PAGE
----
Chapter 110 is, in a word, heavy. Or thoughtful (insert Japanese pun here). Most of the pages and panels consist of Hato just gradually letting it all out, talking through his issues while trying to resolve them (though perhaps making them worse?), and it really leaves an impression. Though we’ve known for quite a while now how Hato feels about Madarame, to also see a fuller elaboration of Hato’s complex personality and circumstances that has been wrapped around those feelings makes me think that this is one of the most important chapters in Genshiken.

Hato mentions a lot of things, including why he has avoided coming over to Madarame’s after Valentine’s Day (the situation was too much like a BL narrative for him to be comfortable), but what it all comes down to in terms of Hato’s inner conflict is the idea that “reality can never be BL.” It’s a subject that gets talked about a fair deal in both fan and academic circles, because of how BL’s portrayal of homosexual relationships is highly romanticized; some have even called it problematically unrealistic as a form of storytelling that generally appeals more to women than to actual gay men. Are Hato’s feelings too mixed up in his fundashi ways for him to separate his fondness for yaoi from an actual relationship with Madarame, and is that even what he wants to do?

In the case of Ogiue back in the first series, we saw that the answer was “yes and no.” Though she drew doujinshi of Sasahara and Madarame, she said that the fictional Sasahara was more of a character than anything else. At the same time, Sasahara has slowly incorporated bits of his own BL parody’s personality, namely a position as a “strong seme” that thrills and plays into Ogue’s own fantasies. What I find interesting with Hato here is that he’s not so much worrying about treating Madarame like a 2D character but wondering how much he can maintain his own position and life between fantasy and reality.

This can be seen in Hato’s explanation that he’s tried to maintain the “Madarame harem” as much as possible, because his actions essentially push reality as close to the fantasy of the harem series (and Hato’s chances with Madarame) that it can go without breaking the “illusion.” Years ago, I wrote a post (and never wrote a part 2. Whoops!) about how many protagonists in harem series are purposefully passive and indecisive because it means that, not only does every girl (or guy if it’s a reverse harem) get the chance, but the main character through their passivity is essentially free of any true error. It’s a kind of stasis or holding pattern, and in a previous chapter Madarame even comments internally how this is actually untenable in reality (even indecision has its consequences). Hato essentially tries the same thing, but by not being the “center” of the harem, it has something of a different intention and effect.

From Hato’s perspective, Madarame is essentially straight (even if he does play games about extremely effeminate crossdressing boys who get pregnant), so Hato has the least chance of winning Madarame compared to Angela, Sue, and Keiko. Once, Madarame even said back in Chapter 79 that it was “biologically impossible.” Hato believed that the closest he could come to being with Madarame was in this “harem” format. It occupies roughly the same school of thought as “I’m happy if the person I love is happy” (Tomoyo in Cardcaptor Sakura) and “I can substitute my love for another girl with that girl’s twin brother who looks almost exactly alike” (Kana in Aki Sora). It’s likely why Keiko dislikes him so much. As we see in this chapter, though, Hato believes it’s time to move on, and that Madarame should choose one of the girls who are pursuing him.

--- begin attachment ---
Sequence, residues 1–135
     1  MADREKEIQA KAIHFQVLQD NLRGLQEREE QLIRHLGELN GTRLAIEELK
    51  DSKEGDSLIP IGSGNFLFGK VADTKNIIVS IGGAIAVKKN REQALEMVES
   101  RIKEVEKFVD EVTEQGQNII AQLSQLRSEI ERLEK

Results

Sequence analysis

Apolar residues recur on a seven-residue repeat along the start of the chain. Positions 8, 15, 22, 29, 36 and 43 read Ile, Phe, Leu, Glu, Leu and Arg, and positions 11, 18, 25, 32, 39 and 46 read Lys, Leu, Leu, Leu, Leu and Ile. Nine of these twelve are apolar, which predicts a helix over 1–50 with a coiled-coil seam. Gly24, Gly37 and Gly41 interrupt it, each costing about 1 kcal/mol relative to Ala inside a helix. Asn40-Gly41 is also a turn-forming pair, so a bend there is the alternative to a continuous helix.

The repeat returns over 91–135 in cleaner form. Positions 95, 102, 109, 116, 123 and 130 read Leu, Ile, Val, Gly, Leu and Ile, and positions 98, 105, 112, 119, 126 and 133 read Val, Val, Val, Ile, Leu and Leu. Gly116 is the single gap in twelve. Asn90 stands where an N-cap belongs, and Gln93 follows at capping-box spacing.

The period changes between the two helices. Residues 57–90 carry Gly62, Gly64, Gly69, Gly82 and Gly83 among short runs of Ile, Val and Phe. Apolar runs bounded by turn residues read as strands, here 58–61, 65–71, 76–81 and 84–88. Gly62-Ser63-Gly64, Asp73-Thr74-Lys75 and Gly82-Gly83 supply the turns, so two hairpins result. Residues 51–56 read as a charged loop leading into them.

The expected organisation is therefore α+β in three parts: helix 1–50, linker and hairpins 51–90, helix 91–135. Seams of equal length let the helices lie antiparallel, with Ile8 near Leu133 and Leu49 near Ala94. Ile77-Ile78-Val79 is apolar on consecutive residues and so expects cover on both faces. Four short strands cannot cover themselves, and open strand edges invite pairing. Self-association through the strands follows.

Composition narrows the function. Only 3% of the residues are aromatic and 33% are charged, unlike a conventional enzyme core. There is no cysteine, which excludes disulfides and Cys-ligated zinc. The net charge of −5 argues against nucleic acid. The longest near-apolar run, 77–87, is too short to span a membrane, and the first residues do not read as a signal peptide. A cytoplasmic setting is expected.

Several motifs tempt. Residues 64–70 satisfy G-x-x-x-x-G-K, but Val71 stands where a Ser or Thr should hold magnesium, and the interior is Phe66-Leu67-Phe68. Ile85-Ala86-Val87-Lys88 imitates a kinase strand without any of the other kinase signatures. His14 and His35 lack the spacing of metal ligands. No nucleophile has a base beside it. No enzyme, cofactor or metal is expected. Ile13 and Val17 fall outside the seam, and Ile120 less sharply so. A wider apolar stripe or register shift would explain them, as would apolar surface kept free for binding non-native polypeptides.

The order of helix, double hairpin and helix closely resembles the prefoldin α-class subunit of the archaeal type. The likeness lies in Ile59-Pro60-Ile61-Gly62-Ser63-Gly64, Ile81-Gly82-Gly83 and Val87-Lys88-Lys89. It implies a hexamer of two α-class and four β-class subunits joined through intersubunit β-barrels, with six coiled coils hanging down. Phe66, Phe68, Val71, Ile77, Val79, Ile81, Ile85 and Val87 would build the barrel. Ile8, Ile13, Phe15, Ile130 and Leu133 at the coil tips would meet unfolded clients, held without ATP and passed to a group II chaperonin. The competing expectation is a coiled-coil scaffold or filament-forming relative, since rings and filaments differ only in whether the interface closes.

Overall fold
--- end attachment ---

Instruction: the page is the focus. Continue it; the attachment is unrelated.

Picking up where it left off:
There’s actually an extra fold in all of this concerning Hato. Even as he realizes that he’s gay or perhaps bisexual and can identify himself that way when dressed as a man, he still wants to continue to crossdress for reasons somewhat unrelated to his sexuality. It helps him to draw as he wants to. It makes him comfortable when talking to friends and making new ones. All along, he’s mentioned that BL and real guys are two different things, and that the crossdressing doesn’t reflect his sexual preferences. It still carries that meaning, but more in that Hato the man who has feelings for Madarame is not 100% the same as Hato the “woman” that loves to discuss BL. Or is that really the case? It seems like Hato himself doesn’t entirely know, though one possibility is laid out in Spotted Flower where the equivalent of Hato is either in the process of transitioning physically into a woman, or has done so already. As that’s supposed to vaguely be an alternate what-if scenario, it’s not clear if this Hato is the same way deep down, but his own view of himself as male or female seems likely.

I think it’s worth mentioning briefly that, within Genshiken itself, we see another character who tries to toe the line between fantasy and reality in Kuchiki, who loves the idea of the girl-boyas, though he’s shown to desire a world more like his anime fantasies than his reality, just as much if not more than Hato.